The Journal of Rheumatology 02/2015; 42(4). DOI:10.3899/jrheum.141001 · 3.17 Impact Factor
  • Aifeng Lin · Xiaoxin Guo · Robert D Inman · Jeremy M Sivak
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    ABSTRACT: HLA-B27 is a major histocompatibility complex class I (MHCI) allele that has been closely associated with the development of ankylosing spondylitis and acute anterior uveitis (AAU), the most common form of uveitis worldwide. We have been characterizing the phenotypes of transgenic mice carrying a human HLA-B27 allele, but that are deficient in endogenous mouse MHCI genes (H-2K(-/-) and H-2D(-/-) double knockout, or DKO) to create the HLA-B27/DKO line. In maintaining and expanding this colony, we observed a rare sporadic severe central keratitis that developed in transgenic animals, but that was not present in wild-type (WT) animals. The corneas of affected HLA-B27/DKO and DKO mice were compared to their WT counterparts by staining with standard histological methods for markers of inflammation and neovascularization. A model of experimental corneal inflammation was subsequently used to test the responses of each genotype to insult. We identified a previously unreported corneal pathology in naïve HLA-B27/DKO mice, and we describe significantly prolonged CD4(+)- and CD8(+)-associated inflammation in these animals following an experimentally induced corneal injury. These results demonstrate an increased T-cell response in B27/DKO corneas due to the expression of the HLA-B27 allele, suggesting that low MHCI expression in WT corneas is an important contributor to immune privilege.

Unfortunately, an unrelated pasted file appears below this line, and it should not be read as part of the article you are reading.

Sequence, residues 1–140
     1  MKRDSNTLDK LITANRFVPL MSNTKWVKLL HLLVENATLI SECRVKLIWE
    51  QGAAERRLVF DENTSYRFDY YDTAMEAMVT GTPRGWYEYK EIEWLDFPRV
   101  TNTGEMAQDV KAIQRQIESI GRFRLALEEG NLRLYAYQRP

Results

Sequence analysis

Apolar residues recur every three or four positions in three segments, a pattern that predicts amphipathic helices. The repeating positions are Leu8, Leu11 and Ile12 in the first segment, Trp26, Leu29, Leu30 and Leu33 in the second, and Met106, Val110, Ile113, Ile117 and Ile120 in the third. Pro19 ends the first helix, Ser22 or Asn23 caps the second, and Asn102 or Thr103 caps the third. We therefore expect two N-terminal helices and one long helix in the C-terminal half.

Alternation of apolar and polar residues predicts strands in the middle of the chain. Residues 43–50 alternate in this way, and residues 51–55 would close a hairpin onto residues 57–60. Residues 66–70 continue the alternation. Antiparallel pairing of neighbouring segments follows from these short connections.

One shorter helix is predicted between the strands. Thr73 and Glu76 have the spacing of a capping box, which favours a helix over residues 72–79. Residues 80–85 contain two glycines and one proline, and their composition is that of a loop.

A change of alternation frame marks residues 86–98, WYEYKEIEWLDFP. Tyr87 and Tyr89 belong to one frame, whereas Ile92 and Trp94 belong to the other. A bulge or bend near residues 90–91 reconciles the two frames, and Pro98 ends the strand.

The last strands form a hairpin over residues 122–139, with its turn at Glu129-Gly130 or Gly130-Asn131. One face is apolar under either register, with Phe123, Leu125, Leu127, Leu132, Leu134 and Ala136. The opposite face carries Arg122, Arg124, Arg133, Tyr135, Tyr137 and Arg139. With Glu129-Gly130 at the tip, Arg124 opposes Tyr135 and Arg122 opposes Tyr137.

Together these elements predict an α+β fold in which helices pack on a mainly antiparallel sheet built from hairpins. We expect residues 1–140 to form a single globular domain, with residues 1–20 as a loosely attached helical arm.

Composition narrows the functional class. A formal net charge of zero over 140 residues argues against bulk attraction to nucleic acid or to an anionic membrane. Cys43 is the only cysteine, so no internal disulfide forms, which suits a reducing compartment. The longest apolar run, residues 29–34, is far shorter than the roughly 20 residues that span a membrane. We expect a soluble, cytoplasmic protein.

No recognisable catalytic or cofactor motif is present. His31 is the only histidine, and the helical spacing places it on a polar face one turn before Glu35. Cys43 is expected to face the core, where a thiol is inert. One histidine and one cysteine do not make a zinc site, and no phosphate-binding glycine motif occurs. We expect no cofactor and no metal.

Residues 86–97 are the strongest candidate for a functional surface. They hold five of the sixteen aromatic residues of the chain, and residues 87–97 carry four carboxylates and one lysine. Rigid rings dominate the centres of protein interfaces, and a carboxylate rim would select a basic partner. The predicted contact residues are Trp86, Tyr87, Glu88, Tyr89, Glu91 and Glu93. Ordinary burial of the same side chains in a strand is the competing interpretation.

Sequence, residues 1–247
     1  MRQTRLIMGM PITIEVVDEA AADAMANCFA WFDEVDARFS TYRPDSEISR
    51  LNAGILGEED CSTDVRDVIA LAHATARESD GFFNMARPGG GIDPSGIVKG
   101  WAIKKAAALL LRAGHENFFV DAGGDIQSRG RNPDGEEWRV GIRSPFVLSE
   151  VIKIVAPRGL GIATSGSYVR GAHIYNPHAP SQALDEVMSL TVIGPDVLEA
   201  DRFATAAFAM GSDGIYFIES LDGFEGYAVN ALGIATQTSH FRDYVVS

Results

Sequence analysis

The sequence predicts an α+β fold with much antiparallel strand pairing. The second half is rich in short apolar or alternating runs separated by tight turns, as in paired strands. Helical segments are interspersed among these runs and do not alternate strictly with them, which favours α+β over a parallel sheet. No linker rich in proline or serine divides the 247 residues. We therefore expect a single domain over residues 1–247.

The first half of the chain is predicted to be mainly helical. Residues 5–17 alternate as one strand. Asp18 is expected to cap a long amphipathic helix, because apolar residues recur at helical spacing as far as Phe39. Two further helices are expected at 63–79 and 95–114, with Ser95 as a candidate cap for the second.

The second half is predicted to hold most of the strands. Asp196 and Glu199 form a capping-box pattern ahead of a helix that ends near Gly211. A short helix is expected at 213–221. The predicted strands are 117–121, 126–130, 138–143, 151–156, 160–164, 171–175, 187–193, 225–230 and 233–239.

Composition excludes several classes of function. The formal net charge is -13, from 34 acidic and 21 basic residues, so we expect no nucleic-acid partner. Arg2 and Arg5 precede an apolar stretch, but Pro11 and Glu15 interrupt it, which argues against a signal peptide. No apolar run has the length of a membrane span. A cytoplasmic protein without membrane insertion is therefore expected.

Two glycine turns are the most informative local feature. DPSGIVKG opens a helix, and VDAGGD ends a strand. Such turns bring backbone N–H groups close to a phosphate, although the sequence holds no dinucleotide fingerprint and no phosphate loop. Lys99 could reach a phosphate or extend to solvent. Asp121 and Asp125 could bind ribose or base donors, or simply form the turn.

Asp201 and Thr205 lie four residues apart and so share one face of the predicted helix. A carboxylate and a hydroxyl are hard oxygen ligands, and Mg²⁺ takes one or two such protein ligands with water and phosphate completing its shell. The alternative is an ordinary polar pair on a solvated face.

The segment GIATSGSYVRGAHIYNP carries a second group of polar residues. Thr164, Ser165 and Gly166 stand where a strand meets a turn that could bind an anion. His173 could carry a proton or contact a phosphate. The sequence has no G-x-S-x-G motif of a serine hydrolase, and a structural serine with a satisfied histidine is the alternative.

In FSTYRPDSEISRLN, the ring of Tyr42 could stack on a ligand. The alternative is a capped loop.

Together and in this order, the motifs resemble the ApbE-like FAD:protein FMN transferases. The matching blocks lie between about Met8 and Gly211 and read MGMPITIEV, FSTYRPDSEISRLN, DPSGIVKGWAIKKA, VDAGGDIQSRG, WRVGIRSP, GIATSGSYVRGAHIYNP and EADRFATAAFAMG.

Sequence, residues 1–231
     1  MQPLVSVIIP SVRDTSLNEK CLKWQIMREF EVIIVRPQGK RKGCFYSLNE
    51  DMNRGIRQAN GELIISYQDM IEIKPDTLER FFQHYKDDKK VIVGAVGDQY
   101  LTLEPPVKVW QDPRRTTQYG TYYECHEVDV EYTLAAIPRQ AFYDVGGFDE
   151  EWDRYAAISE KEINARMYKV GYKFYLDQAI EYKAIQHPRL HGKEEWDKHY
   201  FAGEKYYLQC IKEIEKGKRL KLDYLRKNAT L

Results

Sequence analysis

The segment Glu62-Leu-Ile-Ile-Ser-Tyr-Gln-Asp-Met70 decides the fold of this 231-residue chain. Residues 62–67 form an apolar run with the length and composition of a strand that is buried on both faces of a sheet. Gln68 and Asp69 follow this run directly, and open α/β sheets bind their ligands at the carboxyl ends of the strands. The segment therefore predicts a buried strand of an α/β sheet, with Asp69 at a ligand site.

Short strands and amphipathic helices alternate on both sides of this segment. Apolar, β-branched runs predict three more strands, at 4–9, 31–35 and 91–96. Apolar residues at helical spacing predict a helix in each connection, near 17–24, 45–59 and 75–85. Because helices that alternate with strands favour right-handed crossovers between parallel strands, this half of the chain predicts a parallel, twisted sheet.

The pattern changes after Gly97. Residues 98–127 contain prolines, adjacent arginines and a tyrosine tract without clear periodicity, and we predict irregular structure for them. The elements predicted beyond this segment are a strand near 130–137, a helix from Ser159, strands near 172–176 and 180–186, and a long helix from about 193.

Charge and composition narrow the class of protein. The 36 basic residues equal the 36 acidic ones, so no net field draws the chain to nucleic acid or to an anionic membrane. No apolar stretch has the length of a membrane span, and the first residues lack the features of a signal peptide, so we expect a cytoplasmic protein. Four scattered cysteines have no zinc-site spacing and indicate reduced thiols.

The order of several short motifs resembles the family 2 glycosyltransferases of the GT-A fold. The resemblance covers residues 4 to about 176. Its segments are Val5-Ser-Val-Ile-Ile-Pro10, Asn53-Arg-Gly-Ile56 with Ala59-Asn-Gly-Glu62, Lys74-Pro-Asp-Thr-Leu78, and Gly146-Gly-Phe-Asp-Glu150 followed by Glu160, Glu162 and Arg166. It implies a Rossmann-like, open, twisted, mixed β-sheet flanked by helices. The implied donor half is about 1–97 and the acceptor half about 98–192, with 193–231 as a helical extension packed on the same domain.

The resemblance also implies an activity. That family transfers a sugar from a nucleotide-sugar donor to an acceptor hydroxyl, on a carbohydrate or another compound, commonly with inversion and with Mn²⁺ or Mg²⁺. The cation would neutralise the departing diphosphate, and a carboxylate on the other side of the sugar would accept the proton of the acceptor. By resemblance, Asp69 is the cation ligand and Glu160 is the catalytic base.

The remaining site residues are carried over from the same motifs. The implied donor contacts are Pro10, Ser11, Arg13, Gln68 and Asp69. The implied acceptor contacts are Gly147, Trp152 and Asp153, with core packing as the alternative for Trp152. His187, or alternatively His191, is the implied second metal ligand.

Molecular vision 02/2015; 21:131-137. · 2.25 Impact Factor
  • Qi Wu · Robert D Inman · Karen D Davis
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    ABSTRACT: Ankylosing spondylitis is associated with back pain and fatigue and impacts mobility but can be treated with tumor necrosis factor inhibitors (TNFi). The differential effects of TNFi treatment on multiple symptoms and the brain is not well delineated. Thus, we conducted a 2-part study. In study 1, we conducted a retrospective chart review in 129 ankylosing spondylitis patients to assess TNFi effects on pain, fatigue, motor function, mobility, and quality of life (QoL). After at least 10 weeks of TNFi treatment, patients had clinically significant improvements (>30%) in pain (including neuropathic pain), most disease and QoL factors, and normalized sensory detection thresholds. However, residual fatigue (mean = 5.3) was prominent. Although 60% of patients had significant relief of pain, only 22% of patients had significant relief of both pain and fatigue. Therefore, the preferential TNFi treatment effect on pain compared with fatigue could contribute to suboptimal effects on QoL. Part 2 was a prospective study in 14 patients to identify TNFi treatment effects on pain, fatigue, sensory and psychological factors, and brain cortical thickness based on 3T magnetic resonance imaging. Centrally, TNFi was associated with statistically significant cortical thinning of motor, premotor, and posterior parietal regions. Pain intensity reduction was associated with cortical thinning of the secondary somatosensory cortex, and pain unpleasantness reduction was associated with the cortical thinning of motor areas. In contrast, fatigue reduction correlated with cortical thinning of the insula, primary sensory cortex/inferior parietal sulcus, and superior temporal polysensory areas. This indicates that TNFi treatment produces changes in brain areas implicated in sensory, motor, affective, and cognitive functions.